Millions of people who invest their pension pots in annuities can ultimately rely on the law to guarantee their financial security. In a case on point, the High Court overruled financial regulators and refused to sanction the transfer of about 370,000 annuity policies from one insurance company to another.
The policies had all been taken out with a long-established insurer (insurer 1) which, with a view to reducing its regulatory capital requirements, wished to transfer them to a relatively recent entrant into the annuities market (insurer 2). The scheme involved no change to the policies' terms and had been approved following considerable analysis by an independent expert, the Prudential Regulation Authority and the Financial Conduct Authority.
After insurer 1 sought the Court's approval to the scheme under Part VII of the Financial Services and Markets Act 2000, a number of policyholders objected. They argued that they had selected insurer 1 as their annuity provider due to its long history and established reputation. The large group of which it formed part could be relied on to provide it with financial support if the need arose. Having no right to encash or transfer their policies, policyholders had assumed that insurer 1 was under a reciprocal obligation to honour their policies for as long as they lived.
In ruling on the matter, the Court found that insurer 1 had made no contractual promise to policyholders that their annuities would never be transferred to another provider. There was also no statutory bar on such transfers. Policyholders had, however, reasonably assumed that insurer 1 would not seek to offload the policies and would remain committed to them for life.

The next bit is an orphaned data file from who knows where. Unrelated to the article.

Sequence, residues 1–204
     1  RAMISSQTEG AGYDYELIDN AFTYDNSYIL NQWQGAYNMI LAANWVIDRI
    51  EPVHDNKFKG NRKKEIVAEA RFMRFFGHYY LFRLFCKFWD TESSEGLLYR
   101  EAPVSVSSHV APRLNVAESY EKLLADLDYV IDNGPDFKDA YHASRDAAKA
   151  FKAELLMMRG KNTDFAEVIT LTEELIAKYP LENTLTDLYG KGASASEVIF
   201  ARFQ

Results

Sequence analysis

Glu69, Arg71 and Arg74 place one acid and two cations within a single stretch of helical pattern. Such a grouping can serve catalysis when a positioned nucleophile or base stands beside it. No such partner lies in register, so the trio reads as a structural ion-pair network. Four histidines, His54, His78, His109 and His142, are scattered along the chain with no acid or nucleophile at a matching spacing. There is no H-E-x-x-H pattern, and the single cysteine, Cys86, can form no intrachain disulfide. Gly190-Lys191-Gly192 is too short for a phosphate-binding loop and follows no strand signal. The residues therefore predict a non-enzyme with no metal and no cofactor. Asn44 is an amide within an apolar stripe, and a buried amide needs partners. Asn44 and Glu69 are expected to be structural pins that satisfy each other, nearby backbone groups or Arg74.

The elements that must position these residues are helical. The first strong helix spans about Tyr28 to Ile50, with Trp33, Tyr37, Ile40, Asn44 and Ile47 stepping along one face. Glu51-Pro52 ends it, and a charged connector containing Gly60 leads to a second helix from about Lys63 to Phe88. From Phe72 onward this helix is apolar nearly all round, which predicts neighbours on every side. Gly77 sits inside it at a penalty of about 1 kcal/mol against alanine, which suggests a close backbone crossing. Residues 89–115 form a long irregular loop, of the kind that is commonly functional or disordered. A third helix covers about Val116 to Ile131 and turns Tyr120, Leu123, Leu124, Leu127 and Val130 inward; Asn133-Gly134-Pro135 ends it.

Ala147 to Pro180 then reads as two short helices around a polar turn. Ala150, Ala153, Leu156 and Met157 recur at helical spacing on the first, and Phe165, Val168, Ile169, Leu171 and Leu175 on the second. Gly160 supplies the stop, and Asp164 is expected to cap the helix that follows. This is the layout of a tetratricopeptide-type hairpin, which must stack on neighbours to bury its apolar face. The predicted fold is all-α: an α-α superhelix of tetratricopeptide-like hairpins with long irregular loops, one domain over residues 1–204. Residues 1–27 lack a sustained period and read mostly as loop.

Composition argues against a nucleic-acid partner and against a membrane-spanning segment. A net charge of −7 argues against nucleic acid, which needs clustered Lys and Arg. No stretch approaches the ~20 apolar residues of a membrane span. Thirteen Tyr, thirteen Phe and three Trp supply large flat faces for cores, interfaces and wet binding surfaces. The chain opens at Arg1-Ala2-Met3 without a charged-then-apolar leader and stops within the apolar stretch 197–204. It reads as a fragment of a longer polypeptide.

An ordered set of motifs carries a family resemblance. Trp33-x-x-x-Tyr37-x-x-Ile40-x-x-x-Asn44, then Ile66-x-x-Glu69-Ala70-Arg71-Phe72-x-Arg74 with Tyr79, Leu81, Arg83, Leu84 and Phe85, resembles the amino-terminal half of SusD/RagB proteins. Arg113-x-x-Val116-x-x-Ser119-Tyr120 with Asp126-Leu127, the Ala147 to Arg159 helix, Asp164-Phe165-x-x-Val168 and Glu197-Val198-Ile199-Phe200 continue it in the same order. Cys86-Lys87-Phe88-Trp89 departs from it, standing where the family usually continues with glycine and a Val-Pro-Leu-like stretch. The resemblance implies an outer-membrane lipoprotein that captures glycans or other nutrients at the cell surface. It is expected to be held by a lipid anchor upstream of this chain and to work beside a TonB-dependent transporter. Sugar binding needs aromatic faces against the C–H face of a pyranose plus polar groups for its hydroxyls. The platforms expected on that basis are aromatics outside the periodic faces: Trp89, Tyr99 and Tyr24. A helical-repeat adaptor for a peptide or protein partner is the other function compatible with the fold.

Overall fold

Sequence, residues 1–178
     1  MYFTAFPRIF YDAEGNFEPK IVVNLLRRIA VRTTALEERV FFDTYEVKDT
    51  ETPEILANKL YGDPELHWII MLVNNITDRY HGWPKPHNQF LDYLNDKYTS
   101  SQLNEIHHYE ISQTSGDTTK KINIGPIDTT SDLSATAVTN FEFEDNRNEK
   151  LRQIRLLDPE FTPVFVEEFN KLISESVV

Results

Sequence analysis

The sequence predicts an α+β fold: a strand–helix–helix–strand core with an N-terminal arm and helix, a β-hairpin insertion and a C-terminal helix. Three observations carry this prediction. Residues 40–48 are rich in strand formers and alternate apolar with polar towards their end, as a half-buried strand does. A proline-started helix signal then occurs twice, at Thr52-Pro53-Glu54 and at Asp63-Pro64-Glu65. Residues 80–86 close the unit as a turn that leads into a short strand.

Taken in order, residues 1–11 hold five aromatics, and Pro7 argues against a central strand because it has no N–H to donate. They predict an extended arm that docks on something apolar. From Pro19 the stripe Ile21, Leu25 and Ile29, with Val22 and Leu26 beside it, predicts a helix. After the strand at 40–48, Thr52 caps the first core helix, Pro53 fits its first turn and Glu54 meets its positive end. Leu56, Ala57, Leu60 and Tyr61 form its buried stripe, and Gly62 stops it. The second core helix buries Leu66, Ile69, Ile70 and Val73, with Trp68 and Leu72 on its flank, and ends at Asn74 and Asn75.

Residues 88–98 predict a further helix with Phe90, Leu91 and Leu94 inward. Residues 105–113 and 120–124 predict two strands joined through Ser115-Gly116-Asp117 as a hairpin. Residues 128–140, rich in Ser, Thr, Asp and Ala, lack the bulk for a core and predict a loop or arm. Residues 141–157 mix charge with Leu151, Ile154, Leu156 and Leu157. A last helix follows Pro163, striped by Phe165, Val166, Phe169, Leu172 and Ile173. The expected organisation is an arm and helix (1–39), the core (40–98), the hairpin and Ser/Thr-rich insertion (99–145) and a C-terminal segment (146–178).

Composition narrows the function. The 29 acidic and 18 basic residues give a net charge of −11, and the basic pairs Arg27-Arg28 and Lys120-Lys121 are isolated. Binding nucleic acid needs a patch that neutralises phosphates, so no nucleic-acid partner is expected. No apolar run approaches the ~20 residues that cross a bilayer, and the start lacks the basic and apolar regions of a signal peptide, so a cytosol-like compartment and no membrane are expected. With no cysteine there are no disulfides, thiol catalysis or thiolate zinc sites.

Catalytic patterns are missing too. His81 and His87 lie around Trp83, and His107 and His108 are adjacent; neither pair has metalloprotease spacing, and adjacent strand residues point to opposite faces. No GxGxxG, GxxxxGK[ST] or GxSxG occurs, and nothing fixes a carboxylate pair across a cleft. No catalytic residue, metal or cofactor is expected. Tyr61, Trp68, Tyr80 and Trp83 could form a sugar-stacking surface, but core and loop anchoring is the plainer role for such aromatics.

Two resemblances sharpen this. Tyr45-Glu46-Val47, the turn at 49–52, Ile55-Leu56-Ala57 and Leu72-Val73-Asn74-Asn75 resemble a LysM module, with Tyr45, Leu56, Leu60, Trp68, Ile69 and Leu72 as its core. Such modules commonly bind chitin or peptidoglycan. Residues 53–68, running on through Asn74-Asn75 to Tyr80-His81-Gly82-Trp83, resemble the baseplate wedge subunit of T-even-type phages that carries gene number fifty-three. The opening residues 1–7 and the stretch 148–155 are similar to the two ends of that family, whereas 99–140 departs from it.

In refusing to sanction the scheme, the Court noted that the impact on policyholders of the transfer of annuities is very different from that of the transfer of general insurance policies. The former involved investment of very substantial sums and, if the scheme went ahead, the policyholders would be involuntarily bound to insurer 2 for the rest of their lives. Having entrusted their pension pots to insurer 1, they could not change that choice and had understandably assumed that it would be insurer 1, and none other, that would provide them with a lifelong annuity income.
The Court expressed no views as to the suitability of insurer 2 as an annuity provider and acknowledged that the conclusions of the expert and the regulators carried substantial weight. However, given the duration of the policies, the possibility of either insurer 1 or 2 requiring external financial support could not be viewed as fanciful. Insurer 1 would in such circumstances be likely to benefit from the very substantial resources of the wider group, but no equivalent measure of comfort was available in relation to insurer 2.
It has been announced that the insurers intend to appeal the decision, so this may not be the end of the matter.